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HELP ME expose some film!!! I'm new.


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#1 wardstr

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Posted 05 January 2006 - 02:34 AM

Help.

Okay, I'm new so don't laugh!!! I just jot a 16mm automatic camera (Scoopic MS) and some new
cartridges of 16mm film (7222 kodak negative). How do I expose? The film cartridges have a box with a lightbulb marked 3200k, ei 200 and another box with a sun (?) that is blank, ei 250. Does this mean I must set the asa to 200 when shooting indoors, and set the asa to 250 when shooting outdoors? But when shooting outdoors I must also use a daylight filter? I am clueless but i do want to try my hand at this stuff. WHen do I need to apply a 80A or 85B filter?

Also, I have some spools of 7251 Ektachrome high-speed reversal DAYLIGHT film. Since this is "daylight" do i still need to use a daylight filter, or do I just set the asa to ei 400??? There is an info bar that says 3200k, Filter 80A...does mean in order to shoot this daylight film indoors I first need to install an 80A filter, then set the asa to 100???

And for the 7250 Ektachrome high-speed reversal INDOOR film: Since this is 3200k indoor film, can i just shoot this indoors without a filter...but when I go shoot outside, put on an 85B filter???

Should i even try to expose this stuff??? I read the manual to the Scoopic and it seems like this exposing stuff should be easy but then I get to the film exposure stuff and I just get lost.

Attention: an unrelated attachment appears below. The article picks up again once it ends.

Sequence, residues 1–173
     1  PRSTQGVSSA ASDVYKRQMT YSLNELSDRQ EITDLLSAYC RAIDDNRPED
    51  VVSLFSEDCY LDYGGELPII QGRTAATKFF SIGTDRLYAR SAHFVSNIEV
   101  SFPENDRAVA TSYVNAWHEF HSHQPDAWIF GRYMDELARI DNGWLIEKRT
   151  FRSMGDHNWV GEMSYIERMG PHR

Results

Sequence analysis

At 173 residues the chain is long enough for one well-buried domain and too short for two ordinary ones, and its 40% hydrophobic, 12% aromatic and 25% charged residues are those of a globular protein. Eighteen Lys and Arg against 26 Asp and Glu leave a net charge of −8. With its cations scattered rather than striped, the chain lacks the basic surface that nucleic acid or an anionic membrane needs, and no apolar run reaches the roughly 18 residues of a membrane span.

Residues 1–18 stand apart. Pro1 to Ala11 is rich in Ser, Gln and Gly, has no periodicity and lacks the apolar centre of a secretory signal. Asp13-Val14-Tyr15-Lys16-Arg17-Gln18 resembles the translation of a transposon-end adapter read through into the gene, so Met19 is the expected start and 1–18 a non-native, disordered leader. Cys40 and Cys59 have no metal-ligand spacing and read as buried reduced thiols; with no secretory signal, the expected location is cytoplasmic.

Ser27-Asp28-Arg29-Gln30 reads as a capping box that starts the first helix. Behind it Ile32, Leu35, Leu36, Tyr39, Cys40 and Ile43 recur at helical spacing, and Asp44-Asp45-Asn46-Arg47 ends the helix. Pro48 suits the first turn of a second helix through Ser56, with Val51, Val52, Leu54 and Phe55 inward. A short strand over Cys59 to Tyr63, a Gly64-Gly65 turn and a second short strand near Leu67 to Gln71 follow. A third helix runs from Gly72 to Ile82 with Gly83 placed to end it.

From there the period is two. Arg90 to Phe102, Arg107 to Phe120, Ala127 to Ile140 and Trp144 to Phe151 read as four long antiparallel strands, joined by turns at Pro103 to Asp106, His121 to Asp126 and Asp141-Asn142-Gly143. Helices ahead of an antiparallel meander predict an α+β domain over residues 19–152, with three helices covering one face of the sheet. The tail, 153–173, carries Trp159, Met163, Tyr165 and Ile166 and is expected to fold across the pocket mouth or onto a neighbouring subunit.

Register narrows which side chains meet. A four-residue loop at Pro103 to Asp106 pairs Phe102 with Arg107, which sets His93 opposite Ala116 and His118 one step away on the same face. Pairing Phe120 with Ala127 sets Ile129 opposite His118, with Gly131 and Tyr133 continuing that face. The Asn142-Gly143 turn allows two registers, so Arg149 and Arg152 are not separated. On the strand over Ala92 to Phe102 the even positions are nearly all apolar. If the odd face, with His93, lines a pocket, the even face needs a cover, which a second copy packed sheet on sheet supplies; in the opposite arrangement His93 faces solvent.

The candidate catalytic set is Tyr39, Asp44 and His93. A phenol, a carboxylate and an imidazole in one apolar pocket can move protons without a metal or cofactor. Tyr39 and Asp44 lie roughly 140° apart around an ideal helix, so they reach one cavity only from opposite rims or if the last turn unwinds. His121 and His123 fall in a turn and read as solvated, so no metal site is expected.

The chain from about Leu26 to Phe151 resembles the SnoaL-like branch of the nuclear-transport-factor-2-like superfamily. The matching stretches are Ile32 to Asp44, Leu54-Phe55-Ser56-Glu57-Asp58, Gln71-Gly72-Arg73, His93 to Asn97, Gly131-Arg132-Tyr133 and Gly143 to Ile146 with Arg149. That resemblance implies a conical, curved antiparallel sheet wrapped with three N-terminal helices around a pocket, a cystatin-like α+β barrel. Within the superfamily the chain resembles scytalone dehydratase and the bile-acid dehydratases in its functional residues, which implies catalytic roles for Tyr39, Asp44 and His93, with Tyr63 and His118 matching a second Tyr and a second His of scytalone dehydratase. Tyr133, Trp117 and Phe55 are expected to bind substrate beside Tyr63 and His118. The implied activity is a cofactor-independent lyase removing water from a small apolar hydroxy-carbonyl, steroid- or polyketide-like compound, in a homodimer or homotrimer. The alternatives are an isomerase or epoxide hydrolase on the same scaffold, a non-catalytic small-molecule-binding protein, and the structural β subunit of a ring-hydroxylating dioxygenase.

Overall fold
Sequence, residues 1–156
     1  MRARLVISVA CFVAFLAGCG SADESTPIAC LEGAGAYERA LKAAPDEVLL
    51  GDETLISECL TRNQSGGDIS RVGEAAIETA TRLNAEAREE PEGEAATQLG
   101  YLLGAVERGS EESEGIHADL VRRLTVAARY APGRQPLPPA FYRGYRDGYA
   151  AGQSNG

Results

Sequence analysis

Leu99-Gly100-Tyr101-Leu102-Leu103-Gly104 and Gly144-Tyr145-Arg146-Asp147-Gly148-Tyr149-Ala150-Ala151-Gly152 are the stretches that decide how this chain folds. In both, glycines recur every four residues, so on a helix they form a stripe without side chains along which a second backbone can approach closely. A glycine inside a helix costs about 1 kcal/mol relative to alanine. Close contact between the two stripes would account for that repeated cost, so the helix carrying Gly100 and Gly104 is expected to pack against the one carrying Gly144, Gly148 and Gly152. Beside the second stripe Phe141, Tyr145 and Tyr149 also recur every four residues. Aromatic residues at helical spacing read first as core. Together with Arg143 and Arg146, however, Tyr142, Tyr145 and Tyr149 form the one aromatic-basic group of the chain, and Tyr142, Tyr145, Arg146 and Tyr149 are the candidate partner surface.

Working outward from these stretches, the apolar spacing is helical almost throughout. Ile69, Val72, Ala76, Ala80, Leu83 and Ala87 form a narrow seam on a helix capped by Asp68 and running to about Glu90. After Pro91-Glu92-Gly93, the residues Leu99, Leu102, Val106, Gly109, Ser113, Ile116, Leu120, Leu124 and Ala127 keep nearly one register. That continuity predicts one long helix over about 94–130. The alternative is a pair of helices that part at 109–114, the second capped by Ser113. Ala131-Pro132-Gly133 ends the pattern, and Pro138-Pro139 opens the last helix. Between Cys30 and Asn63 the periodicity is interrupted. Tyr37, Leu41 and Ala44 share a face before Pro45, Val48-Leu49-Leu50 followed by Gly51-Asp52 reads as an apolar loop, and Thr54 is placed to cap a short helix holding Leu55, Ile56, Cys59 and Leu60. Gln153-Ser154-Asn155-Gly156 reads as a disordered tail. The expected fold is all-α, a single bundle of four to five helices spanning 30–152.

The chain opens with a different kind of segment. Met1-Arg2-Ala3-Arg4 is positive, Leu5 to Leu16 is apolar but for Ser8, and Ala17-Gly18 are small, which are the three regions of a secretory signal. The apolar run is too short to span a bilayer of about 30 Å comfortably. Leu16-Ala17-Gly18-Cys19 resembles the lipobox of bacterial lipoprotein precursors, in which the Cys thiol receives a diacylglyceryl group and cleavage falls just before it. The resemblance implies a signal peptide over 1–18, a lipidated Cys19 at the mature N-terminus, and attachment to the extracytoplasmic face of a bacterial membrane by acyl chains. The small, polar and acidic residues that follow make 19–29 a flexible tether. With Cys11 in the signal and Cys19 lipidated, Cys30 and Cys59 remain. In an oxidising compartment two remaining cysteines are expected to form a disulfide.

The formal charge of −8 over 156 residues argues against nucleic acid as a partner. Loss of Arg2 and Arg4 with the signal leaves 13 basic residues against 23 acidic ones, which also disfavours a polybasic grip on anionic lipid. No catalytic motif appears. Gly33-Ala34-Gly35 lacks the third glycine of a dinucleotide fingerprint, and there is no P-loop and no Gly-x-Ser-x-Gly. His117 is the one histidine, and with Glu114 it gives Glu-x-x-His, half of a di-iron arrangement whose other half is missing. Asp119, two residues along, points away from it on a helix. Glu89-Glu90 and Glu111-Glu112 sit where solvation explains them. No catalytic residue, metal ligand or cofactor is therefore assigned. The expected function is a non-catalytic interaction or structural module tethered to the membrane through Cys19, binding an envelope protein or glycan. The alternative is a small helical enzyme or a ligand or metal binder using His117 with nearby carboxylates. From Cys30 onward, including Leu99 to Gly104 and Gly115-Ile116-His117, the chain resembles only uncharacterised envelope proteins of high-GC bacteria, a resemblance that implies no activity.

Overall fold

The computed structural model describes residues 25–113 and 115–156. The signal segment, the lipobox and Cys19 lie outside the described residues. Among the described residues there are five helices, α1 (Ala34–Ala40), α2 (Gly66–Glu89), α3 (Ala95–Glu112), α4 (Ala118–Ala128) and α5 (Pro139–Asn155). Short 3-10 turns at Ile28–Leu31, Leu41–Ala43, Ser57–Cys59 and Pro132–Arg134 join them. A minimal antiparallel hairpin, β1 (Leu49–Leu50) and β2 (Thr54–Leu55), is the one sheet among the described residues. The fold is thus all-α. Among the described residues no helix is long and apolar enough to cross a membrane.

Any help, tricks, or advice will be happily accepted. THanks in advance and sorry for asking such a "newbie" question.

Gene
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#2 David Mullen ASC

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Posted 05 January 2006 - 03:28 AM

Help.

Okay, I'm new so don't laugh!!! I just jot a 16mm automatic camera (Scoopic MS) and some new
cartridges of 16mm film (7222 kodak negative). How do I expose? The film cartridges have a box with a lightbulb marked 3200k, ei 200 and another box with a sun (?) that is blank, ei 250. Does this mean I must set the asa to 200 when shooting indoors, and set the asa to 250 when shooting outdoors? But when shooting outdoors I must also use a daylight filter? I am clueless but i do want to try my hand at this stuff. WHen do I need to apply a 80A or 85B filter?

Also, I have some spools of 7251 Ektachrome high-speed reversal DAYLIGHT film. Since this is "daylight" do i still need to use a daylight filter, or do I just set the asa to ei 400??? There is an info bar that says 3200k, Filter 80A...does mean in order to shoot this daylight film indoors I first need to install an 80A filter, then set the asa to 100???

And for the 7250 Ektachrome high-speed reversal INDOOR film: Since this is 3200k indoor film, can i just shoot this indoors without a filter...but when I go shoot outside, put on an 85B filter???

Should i even try to expose this stuff??? I read the manual to the Scoopic and it seems like this exposing stuff should be easy but then I get to the film exposure stuff and I just get lost.

Any help, tricks, or advice will be happily accepted. THanks in advance and sorry for asking such a "newbie" question.

Gene



B&W film is slightly more sensitive in daylight than in tungsten, hence the two different ratings. You don't need color-correction filters -- it's a b&w image afterall. Just know that in bluer light like daylight, it's more like a 250 ASA stock, but in redder light like tungsten, it behaves more like a 200 ASA stock.